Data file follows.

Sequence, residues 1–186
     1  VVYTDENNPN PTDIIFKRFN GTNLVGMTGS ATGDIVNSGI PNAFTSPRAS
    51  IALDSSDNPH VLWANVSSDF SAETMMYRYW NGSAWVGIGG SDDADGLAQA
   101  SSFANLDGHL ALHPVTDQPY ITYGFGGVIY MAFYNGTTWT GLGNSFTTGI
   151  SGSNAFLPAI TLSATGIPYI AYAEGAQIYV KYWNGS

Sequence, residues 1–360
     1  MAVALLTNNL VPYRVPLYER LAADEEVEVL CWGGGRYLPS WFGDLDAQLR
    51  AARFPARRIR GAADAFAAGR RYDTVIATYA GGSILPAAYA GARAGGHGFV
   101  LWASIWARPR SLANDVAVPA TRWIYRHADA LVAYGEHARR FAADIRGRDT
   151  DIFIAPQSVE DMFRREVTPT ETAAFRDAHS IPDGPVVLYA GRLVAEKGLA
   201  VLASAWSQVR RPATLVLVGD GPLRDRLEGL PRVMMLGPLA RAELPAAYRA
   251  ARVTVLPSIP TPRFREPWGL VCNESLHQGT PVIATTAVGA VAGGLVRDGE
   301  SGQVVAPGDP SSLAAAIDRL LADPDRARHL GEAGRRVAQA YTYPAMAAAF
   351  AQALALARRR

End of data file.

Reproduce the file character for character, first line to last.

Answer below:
Sequence, residues 1–186
     1  VVYTDENNPN PTDIIFKRFN GTNLVGMTGS ATGDIVNSGI PNAFTSPRAS
    51  IALDSSDNPH VLWANVSSDF SAETMMYRYW NGSAWVGIGG SDDADGLAQA
   101  SSFANLDGHL ALHPVTDQPY ITYGFGGVIY MAFYNGTTWT GLGNSFTTGI
   151  SGSNAFLPAI TLSATGIPYI AYAEGAQIYV KYWNGS

Sequence, residues 1–360
     1  MAVALLTNNL VPYRVPLYER LAADEEVEVL CWGGGRYLPS WFGDLDAQLR
    51  AARFPARRIR GAADAFAAGR RYDTVIATYA GGSILPAAYA GARAGGHGFV
   101  LWASIWARPR SLANDVAVPA TRWIYRHADA LVAYGEHARR FAADIRGRDT
   151  DIFIAPQSVE DMFRREVTPT ETAAFRDAHS IPDGPVVLYA GRLVAEKGLA
   201  VLASAWSQVR RPATLVLVGD GPLRDRLEGL PRVMMLGPLA RAELPAAYRA
   251  ARVTVLPSIP TPRFREPWGL VCNESLHQGT PVIATTAVGA VAGGLVRDGE
   301  SGQVVAPGDP SSLAAAIDRL LADPDRARHL GEAGRRVAQA YTYPAMAAAF
   351  AQALALARRR